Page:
5.   Defendant objects to several statements made by the prosecutor during closing argument but only the following are relevant pertaining to the issue of defendant's guilt:You heard Marcus Sanders.   Marcus Sanders did not admit to the killing of Onnie Smith.   Yet he plead [sic] guilty to felony murder.   Why did he plead guilty to felony murder when he didn't kill him?   Because he is responsible for the acts of the defendant, Lorenzo Borders.   Each is responsible for the acts of the other.  (R. at 759.)Ladies and gentlemen, if Marcus Sanders is guilty of felony murder so is he.   So is he.   They both are.   The act of one is the act of the other.   It doesn't matter who did the shooting, the robbery plan was well established the killing of Onnie Smith clearly occurred in the course of the robbery. [sic] (R. at 800.)

6.   See United States v. Edwards, 716 F.2d 822, 825 (11th Cir.1983), where the court reaffirmed the standard of admitting a codefendant's guilty plea established in United States v. King, 505 F.2d 602, 607 (5th Cir.1974):We must carefully examine all the facts and circumstances of the case in their proper context.   The presence or absence of an instruction is an important factor, but it is also essential to consider other factors, such as whether there was a proper purpose in introducing the facts of the guilty plea, whether the plea was improperly emphasized or used as substantive evidence of guilt, whether the introduction of the plea was invited by defense counsel, whether an objection was entered or an instruction requested, whether the defendant's failure to object to the testimony could have been the result of tactical considerations, and whether, in light of all the evidence, the failure to give an instruction was harmless beyond a reasonable doubt.

7.   Trial counsel did preserve this issue for appeal by making the following objection before the State began its closing argument:Your Honor, this is meant to be a continuing objection during the course of closing arguments.   We ask that the State of Indiana be refrained from commenting with regard to that portion of the guilty plea given on March 17, 1994, by Marcus Sanders, which refers to Lorenzo Borders.   In support of that, we would argue that it is impeachment and not substantive evidence.The court overruled this objection.  (R. at 754-755.)

8.   See United States v. Mitchell, where the court considered four factors in determining whether the prosecutor's misconduct resulted in prejudice to the defendant:  (1) the degree to which the prosecutor's remarks have a tendency to mislead the jury and to prejudice the accused;  (2) whether the remarks were isolated or extensive;  (3) absent the remarks, the strength of competent proof introduced to establish the guilt of the accused;  and (4) whether the comments were deliberately placed before the jury to divert attention to extraneous matters.  1 F.3d 235, 241 (4th Cir.1993) (quoting United States v. Harrison, 716 F.2d 1050, 1052 (4th Cir.1983), cert. denied, 466 U.S. 972, 104 S.Ct. 2345, 80 L.Ed.2d 819 (1984)).

9.   Although we do not find reversible error here, we emphasize that it was improper for the prosecutor to use Sanders's guilty plea as substantive evidence of defendant's guilt during closing argument.   At a minimum, defendant would have been entitled to a limiting instruction (even if the prosecutor had not made the improper comments during closing arguments) admonishing the jury that evidence of the codefendant's guilt was not evidence of the defendant's guilt.   See Edwards, 716 F.2d at 825 (prosecution may introduce evidence of a coindictee's guilty plea if a proper cautionary instruction is given to the jury);  United States v. Baez, 703 F.2d 453, 455 (10th Cir.1983) (“Because of the potential for prejudice, cautionary instructions limiting the jury's use of the guilty plea to permissible purposes are critical.”).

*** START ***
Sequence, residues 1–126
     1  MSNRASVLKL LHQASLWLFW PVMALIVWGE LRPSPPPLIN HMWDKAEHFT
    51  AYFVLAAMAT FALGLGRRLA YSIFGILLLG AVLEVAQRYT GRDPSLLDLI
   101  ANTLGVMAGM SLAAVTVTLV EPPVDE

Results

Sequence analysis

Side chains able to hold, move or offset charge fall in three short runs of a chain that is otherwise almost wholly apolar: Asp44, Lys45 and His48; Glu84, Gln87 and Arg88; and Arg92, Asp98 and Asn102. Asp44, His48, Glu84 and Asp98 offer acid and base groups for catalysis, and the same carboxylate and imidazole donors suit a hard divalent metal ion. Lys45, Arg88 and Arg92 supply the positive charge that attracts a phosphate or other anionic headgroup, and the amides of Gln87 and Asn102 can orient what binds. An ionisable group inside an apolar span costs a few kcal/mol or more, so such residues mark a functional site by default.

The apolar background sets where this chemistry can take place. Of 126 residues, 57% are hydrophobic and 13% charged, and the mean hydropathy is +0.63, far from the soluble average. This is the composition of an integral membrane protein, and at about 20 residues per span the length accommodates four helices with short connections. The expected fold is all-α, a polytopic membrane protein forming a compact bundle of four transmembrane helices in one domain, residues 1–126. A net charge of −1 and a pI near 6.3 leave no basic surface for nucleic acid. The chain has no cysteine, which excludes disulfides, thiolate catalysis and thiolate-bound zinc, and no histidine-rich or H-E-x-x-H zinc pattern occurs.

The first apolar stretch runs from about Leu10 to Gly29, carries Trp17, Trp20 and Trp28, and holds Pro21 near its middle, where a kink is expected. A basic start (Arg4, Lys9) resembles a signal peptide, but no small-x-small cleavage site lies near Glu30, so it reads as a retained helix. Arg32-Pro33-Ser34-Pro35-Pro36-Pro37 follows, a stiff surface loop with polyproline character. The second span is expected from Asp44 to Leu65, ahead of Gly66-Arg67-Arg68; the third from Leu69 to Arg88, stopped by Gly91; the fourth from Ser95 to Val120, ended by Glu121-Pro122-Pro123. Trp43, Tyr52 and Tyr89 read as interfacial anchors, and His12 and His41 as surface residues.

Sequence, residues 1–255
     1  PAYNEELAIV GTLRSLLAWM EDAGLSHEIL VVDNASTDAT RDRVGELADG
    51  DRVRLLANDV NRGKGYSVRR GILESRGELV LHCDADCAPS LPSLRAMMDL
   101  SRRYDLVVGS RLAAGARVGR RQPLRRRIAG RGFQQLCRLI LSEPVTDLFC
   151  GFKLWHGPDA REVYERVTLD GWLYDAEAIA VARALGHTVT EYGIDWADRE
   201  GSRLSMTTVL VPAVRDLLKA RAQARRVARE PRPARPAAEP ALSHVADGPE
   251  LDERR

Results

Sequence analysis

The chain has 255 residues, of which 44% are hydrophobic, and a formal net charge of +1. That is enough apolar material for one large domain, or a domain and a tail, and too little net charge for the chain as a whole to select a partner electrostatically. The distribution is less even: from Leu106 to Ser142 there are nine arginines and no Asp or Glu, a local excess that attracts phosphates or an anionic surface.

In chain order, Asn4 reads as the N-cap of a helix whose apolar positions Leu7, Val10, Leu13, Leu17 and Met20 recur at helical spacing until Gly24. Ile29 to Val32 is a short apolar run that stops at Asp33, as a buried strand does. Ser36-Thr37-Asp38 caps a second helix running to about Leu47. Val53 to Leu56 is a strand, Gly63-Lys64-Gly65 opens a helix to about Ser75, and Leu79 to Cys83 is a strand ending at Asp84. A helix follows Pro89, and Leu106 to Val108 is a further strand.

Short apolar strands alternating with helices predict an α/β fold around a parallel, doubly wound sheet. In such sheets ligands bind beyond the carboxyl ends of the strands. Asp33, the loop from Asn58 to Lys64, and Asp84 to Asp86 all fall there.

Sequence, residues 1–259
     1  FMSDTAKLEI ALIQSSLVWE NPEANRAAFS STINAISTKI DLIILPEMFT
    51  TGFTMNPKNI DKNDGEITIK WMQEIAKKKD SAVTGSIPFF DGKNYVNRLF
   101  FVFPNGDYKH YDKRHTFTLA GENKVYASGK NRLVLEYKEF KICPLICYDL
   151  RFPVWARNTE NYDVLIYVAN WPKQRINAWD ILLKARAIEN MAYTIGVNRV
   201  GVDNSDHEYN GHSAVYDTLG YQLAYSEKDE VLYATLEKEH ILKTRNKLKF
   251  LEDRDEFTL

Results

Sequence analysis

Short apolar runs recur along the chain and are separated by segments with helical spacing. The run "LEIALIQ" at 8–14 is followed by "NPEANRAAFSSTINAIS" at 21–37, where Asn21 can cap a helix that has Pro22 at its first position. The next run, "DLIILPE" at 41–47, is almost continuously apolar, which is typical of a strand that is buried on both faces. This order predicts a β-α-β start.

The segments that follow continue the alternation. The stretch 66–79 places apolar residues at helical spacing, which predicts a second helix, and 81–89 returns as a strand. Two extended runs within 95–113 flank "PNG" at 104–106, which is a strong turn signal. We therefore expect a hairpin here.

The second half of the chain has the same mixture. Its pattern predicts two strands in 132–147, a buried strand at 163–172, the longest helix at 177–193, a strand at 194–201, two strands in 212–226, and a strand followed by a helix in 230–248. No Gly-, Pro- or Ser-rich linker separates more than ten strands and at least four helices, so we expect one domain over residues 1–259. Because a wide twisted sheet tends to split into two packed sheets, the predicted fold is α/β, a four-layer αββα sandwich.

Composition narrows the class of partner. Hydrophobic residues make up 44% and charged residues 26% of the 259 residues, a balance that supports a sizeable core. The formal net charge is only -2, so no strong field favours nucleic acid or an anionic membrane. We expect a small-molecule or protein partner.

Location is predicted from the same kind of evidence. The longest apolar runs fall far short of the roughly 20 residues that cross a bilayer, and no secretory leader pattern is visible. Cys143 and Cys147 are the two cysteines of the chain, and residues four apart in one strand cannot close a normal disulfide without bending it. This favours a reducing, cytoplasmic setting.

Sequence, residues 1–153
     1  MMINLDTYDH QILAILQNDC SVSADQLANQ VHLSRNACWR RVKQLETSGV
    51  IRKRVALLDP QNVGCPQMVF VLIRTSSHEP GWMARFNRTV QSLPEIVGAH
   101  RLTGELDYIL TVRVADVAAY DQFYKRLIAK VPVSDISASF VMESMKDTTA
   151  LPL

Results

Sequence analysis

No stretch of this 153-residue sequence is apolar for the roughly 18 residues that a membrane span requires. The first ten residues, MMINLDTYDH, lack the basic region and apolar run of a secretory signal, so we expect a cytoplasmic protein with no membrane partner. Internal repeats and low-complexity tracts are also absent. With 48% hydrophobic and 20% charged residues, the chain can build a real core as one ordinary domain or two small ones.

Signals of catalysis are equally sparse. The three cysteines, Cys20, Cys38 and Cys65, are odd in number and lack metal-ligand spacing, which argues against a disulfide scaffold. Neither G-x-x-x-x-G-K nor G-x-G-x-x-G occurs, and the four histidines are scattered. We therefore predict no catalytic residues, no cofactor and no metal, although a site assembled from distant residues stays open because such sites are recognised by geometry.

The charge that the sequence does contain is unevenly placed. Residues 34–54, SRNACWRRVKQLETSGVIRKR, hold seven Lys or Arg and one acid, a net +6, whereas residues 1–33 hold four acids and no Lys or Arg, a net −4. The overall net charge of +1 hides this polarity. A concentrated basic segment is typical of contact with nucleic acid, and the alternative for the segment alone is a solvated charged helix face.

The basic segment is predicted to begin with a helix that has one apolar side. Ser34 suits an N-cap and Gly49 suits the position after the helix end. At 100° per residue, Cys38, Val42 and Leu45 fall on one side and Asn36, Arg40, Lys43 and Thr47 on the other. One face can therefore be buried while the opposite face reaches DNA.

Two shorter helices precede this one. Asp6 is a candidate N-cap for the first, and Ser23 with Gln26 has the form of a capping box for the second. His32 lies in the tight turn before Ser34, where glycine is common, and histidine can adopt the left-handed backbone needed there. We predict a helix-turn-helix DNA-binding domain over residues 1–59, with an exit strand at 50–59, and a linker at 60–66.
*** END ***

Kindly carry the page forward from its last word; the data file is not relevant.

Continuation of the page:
10.   This police statement was entered of record during the guilty plea hearing.  (R. at 596.)

11.   Alternatively, defendant argues that trial counsel provided ineffective assistance by failing to object to this evidence on the specific grounds that it was a violation of defendant's Sixth Amendment right to representation.   Trial counsel did however make the following objections when the State attempted to introduce the tape recording into evidence:Your Honor, we object to the tape.   First, on the ground that it involves an independent act, which doesn't have a direct bearing on this case.   And does not involve a specific admission by this Defendant․  (R. at 675.)These objections were overruled and appeal of that ruling is not sought.   Given these objections, we cannot say that counsel's performance fell below prevailing professional norms.

12.   The codefendant confessed to committing the crimes and informed the police of defendant's desire to kill one of the State's witness.   Subsequently, the State requested and the codefendant agreed to record telephone calls received from defendant.   Based on these recorded telephone conversations, police obtained knowledge of a meeting that defendant requested with codefendant to discuss the pending charges and to plan a defense strategy.

13.   Defendant is under the assumption that Captain Larry Towns is Cecil Brown.

14.   We find this statement to be exculpatory, rather than incriminating.

SULLIVAN, Justice.

SHEPARD, C.J., and DICKSON, SELBY and BOEHM, JJ., concur.

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Docket No: No. 20S00-9505-CR-513.

Decided: November 18, 1997

Court: Supreme Court of Indiana.